Apple Deletes Meta’s Threads and WhatsApp From China App Store After Government Pressure

As U.S. lawmakers aim to fast-track a ban on TikTok, the Chinese government appeared to pressure Apple into removing Meta-owned apps WhatsApp and Threads from its China App Store.

Encrypted messaging services Signal, which is often used by news reporters, and Telegram were also taken down to “comply with censorship demand,” The Wall Street Journal reported Friday.

“Apple said it was told to remove certain apps because of national security concerns, without specifying which,” the report said.

“We are obligated to follow the laws in the countries where we operate, even when we disagree,” Apple said in a statement. Meta referred a query for comment to Apple.

Together, The Journal said the messaging apps have around three billion users worldwide. In China, they can only be accessed using virtual private networks that get around the country’s “Great Firewall,” but are still commonly used, The Journal said. In late 2022, communication and social media apps including Instagram, X, Facebook and WhatsApp were key to helping to spread information and videos of protests against China’s draconian Covid rules, the report noted.

The removals were among tens of thousands of games, apps and AI-powered ChatGPT apps removed in recent years with the government the “driving force behind” them, according to AppleInsider.

But while removals are common, the latest deletions came as Congress is set to vote this weekend on banning Chinese company ByteDance’s hugely popular TikTok.

One bill that would ban the app that has more than 150 million active users in the US unless it cuts ties with its parent company already passed the House of Representatives with an overwhelming vote of 352-65 in March, but it has languished in the Senate.

A slightly revised bill is now expected to be tucked into the legislation moving forward to provide foreign aid to Ukraine, Israel and Taiwan, NBC News reported. That all but guarantees that it will become law, as President Joe Biden is not likely to veto the aid packages he has been pressing Congress to pass for months.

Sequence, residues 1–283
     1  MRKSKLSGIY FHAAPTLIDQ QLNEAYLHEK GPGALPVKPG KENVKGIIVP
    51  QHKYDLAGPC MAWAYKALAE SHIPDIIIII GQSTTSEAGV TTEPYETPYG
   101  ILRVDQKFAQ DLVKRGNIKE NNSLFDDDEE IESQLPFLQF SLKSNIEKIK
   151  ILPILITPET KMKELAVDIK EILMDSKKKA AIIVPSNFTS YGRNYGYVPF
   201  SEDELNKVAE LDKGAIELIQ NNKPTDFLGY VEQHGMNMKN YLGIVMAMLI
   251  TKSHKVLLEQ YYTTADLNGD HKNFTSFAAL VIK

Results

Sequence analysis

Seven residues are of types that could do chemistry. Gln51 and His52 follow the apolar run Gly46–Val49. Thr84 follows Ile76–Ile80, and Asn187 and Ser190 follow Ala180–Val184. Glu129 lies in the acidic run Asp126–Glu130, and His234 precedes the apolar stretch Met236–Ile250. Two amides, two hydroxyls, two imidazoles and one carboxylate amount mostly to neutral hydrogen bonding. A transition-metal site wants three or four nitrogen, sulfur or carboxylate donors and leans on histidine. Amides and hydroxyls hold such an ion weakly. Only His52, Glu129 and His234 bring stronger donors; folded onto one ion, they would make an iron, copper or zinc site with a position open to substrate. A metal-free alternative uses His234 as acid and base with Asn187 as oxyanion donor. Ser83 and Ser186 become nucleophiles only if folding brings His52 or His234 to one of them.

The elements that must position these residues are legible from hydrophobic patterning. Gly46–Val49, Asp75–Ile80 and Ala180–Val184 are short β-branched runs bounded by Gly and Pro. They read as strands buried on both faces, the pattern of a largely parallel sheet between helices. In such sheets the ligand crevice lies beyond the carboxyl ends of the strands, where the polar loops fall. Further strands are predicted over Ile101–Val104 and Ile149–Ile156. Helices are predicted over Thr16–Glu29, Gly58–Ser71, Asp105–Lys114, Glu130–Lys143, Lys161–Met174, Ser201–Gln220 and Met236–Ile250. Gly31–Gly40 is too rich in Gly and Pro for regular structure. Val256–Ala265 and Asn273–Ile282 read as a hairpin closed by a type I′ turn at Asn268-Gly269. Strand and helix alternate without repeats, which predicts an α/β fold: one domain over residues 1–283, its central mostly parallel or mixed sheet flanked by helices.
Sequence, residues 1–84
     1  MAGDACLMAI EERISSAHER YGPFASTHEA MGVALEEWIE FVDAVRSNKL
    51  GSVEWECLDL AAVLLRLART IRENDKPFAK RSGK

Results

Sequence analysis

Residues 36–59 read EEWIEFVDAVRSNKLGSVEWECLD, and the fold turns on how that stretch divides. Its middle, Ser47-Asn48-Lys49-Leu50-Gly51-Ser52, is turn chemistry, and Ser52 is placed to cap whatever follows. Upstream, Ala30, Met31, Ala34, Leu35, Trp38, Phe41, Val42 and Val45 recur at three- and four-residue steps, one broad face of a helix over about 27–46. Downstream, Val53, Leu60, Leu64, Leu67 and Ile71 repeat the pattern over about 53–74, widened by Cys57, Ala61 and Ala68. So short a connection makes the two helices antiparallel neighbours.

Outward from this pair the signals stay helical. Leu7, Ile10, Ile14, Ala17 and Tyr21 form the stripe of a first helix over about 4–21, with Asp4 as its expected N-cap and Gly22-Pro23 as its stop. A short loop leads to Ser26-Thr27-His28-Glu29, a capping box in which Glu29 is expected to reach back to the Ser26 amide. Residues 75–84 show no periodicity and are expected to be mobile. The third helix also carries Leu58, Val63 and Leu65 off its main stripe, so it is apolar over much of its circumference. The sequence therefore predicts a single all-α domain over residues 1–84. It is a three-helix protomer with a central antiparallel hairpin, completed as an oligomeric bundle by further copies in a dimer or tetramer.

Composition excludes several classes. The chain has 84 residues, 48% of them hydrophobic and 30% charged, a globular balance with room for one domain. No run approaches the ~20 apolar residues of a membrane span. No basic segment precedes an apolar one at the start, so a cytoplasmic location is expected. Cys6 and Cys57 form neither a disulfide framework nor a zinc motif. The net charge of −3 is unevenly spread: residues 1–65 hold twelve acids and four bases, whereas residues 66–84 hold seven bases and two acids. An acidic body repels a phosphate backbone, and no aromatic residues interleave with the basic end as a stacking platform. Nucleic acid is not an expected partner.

The House bill would create a process for the president — through the FBI and intelligence agencies — to designate certain social media applications under the control of foreign adversaries, like China, Russia, Iran and North Korea, as national security threats, NBC reported.

The House is slated to vote on the aid package Saturday, with the Senate likely to take it up early next week.

“It is unfortunate that the House of Representatives is using the cover of important foreign and humanitarian assistance to once again jam through a ban bill that would trample the free speech rights of 170 million Americans, devastate 7 million businesses, and shutter a platform that contributes $24 billion to the U.S. economy, annually,” the company said in a statement posted on X as the bill was prepared. TikTok has tried to emphasize the economic benefit to its users as one of the reasons it should not be banned.

Lawmakers from both parties have said that TikTok is a national security threat. Montana already tried to ban the app, but that effort was struck down by a federal judge because it violated the Constituion and overstepped state power. Montana has appealed.

TikTok’s CEO Shou Zi Chew testified before Congress last year, insisting that the Chinese government does not control the company.

Among those who have reportedly said they would be interested in buying the app from ByteDance if the legislation forces a sale are former Activision CEO Bobby Kotick, “Shark Tank” panelist and investor Kevin O’Leary, Oracle co-founder Larry Ellison and retail giant Walmart and former Treasury Secretary Steve Mnuchin.

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